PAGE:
Public relations and communications plans take focus and consistency. Many business leaders work in companies with in-house marketing/communications professionals or own companies with outsourced marketing communications teams in place. Each month, these leaders review spreadsheets, P&Ls, balance sheets and other reports to be sure the business is financially healthy. Do those reports include marketing/communications dashboards? After all, isn’t it the marketing/communications that’s driving branding, new business, consumer purchases–your cash flow?
Some say public relations is intangible. With the advent of Google Analytics, email newsletters and social media, I disagree. And even before these tools were available, communications could be measured via qualitative and quantitative surveys, if not bumps in sales. A well planned and consistent strategy includes goals. And those goals should align to regular monthly marketing/communications dashboards. Before starting a dashboard consider these questions:
1) Do we have a public relations or marketing/communications plan?
Without a plan, it’s hard to determine what you’re measuring. A strategic plan has goals with tactics that align to what your team is trying to achieve. That drives your measurements. Maybe you want to lower your cost per click in your pay per click campaign while driving more consumer calls/emails. Tracking starting with a baseline and then reviewing monthly reports allows you to see if the campaign works.
2) How many people participate in your plan/tactics and who’s the lead?
We have clients with robust advertising, social media, and Internet presence. Our team acts as the conduit to not only plan the public relations and communications, we oversee the overall message, strategy and goals. Each month, we pull together a dashboard to tell the client how each tactic is performing. That means we’re reporting items such as: are campaign landing pages tracking new consumers, are those consumers using coupons, do consumers from pay per click campaigns produce calls/clicks. We’re also watching Google analytics. If we ask customers to write blogs or create content, we know that’s their time. We want to be sure it’s well invested. Is anyone reading the content? When emails are sent on behalf of a sales team, are they opened and read?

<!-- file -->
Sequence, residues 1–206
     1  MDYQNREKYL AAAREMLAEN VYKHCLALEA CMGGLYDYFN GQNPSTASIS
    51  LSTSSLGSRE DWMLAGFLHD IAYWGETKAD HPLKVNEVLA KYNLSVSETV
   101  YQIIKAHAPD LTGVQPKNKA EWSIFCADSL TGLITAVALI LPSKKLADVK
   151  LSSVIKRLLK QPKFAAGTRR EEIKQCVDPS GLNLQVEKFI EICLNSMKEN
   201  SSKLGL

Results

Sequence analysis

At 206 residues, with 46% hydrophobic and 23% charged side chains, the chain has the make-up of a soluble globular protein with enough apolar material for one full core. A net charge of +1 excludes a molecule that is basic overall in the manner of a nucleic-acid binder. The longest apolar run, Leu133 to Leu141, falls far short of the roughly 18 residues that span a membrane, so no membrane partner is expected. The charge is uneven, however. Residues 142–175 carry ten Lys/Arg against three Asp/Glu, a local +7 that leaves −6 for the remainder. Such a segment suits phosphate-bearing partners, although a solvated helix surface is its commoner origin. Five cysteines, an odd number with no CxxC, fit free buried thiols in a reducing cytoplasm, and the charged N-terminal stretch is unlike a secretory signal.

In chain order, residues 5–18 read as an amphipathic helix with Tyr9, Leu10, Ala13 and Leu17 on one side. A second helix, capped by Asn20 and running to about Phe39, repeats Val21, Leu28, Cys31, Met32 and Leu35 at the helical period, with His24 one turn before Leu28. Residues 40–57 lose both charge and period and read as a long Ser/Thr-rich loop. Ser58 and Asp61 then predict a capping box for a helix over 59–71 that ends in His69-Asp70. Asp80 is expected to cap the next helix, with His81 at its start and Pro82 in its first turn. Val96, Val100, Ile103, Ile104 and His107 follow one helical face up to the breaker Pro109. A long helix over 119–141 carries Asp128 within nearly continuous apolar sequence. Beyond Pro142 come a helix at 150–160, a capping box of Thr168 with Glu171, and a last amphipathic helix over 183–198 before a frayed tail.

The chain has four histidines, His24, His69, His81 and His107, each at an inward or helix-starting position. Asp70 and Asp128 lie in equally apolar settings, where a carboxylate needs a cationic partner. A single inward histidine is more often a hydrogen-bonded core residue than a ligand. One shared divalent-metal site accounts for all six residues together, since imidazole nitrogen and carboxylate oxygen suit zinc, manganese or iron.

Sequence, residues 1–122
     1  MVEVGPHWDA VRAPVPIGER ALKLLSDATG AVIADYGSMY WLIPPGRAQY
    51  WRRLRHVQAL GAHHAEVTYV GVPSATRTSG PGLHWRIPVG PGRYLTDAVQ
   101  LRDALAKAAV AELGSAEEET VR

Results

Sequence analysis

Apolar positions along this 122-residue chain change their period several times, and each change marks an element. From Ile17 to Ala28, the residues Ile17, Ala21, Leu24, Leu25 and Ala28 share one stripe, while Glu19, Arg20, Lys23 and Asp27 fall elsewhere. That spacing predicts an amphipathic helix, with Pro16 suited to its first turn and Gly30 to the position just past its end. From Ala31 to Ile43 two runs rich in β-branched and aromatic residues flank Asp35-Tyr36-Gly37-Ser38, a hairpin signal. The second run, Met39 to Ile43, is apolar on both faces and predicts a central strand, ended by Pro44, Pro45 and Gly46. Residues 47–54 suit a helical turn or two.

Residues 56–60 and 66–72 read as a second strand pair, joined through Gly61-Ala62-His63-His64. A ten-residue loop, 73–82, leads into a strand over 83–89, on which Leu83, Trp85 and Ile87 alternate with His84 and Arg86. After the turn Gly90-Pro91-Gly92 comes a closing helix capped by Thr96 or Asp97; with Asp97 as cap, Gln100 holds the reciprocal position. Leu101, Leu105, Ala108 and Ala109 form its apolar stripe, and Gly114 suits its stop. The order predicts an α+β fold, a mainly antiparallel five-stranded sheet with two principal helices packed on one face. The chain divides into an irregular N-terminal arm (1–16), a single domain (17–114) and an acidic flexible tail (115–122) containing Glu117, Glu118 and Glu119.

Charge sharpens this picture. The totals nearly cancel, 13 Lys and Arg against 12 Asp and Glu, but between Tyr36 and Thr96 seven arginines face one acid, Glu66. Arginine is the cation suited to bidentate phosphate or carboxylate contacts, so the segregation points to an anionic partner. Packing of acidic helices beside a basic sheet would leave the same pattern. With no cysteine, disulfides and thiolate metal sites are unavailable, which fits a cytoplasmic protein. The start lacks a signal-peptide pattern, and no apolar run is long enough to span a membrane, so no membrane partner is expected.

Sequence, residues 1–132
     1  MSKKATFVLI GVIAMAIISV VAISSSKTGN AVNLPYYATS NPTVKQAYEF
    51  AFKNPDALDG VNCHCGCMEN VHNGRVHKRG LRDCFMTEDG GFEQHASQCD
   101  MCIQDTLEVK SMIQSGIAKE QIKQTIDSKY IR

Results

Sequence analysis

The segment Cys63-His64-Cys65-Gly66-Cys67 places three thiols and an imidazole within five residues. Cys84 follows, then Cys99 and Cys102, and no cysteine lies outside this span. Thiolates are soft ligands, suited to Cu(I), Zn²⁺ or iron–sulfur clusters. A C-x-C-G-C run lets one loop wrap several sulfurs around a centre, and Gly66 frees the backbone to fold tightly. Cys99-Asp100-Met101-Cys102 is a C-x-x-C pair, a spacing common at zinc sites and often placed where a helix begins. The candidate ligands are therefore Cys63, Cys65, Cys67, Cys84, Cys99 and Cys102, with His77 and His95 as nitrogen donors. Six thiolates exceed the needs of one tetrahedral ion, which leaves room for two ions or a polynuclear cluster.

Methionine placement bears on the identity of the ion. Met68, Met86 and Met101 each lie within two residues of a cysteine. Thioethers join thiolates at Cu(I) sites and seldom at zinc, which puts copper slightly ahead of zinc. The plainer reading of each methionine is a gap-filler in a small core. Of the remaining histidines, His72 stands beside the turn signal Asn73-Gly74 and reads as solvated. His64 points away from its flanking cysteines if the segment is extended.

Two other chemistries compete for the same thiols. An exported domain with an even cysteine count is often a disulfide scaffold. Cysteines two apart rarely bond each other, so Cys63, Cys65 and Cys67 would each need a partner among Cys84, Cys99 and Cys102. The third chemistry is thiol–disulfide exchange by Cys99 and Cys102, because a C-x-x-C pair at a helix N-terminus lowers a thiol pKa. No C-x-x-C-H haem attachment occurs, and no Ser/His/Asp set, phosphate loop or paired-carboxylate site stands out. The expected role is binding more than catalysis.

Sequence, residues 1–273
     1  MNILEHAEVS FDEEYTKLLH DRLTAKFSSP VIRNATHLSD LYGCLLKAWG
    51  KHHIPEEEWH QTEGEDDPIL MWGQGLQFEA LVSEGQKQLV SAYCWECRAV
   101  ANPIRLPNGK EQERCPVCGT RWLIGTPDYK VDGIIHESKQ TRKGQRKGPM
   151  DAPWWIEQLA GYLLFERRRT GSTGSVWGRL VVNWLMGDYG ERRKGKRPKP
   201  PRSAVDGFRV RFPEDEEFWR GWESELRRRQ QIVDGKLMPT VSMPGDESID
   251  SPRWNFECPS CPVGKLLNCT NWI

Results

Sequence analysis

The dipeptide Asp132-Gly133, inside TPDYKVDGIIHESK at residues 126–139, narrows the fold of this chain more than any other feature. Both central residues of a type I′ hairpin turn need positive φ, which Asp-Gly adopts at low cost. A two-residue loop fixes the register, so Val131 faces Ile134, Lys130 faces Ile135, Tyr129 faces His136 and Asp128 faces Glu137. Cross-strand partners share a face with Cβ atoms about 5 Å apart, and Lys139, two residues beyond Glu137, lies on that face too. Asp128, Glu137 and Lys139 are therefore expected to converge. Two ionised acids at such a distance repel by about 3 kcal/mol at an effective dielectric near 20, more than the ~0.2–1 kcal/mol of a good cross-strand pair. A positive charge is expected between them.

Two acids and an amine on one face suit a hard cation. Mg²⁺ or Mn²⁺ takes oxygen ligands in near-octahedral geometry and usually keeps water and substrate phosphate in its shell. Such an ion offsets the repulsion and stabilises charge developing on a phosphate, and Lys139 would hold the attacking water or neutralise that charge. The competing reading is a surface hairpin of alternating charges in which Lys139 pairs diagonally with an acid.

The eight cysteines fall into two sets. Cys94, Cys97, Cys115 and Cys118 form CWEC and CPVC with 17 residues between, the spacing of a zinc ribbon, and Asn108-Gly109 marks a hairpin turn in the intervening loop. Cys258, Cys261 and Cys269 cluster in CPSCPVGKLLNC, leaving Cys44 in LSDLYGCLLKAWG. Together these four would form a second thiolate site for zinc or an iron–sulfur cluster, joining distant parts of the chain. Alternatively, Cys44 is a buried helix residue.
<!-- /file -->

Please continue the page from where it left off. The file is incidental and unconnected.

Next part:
3) What happens if a tactic is not working?
Public relations and marketing/communications professionals know if a tactic isn’t producing then it shouldn’t be repeated. Sending out news releases and no one is picking them up? Spending time loading social media posts and no one is engaging? Ask why and analyze whether or not to continue.
4) What happens if something is working?
Pat yourself on the back. Then consider doing more of it and investing more time/budget.
Finally remember tracking public relations and marketing/communications work to creating dashboards isn’t a tool to bring someone to task for poor performance. It’s a tool to see results and re calibrate as needed to ensure dollars are invested well for ROI now and in the future. That’s why you measure twice and continue cutting and adding to find the perfect plan for your business.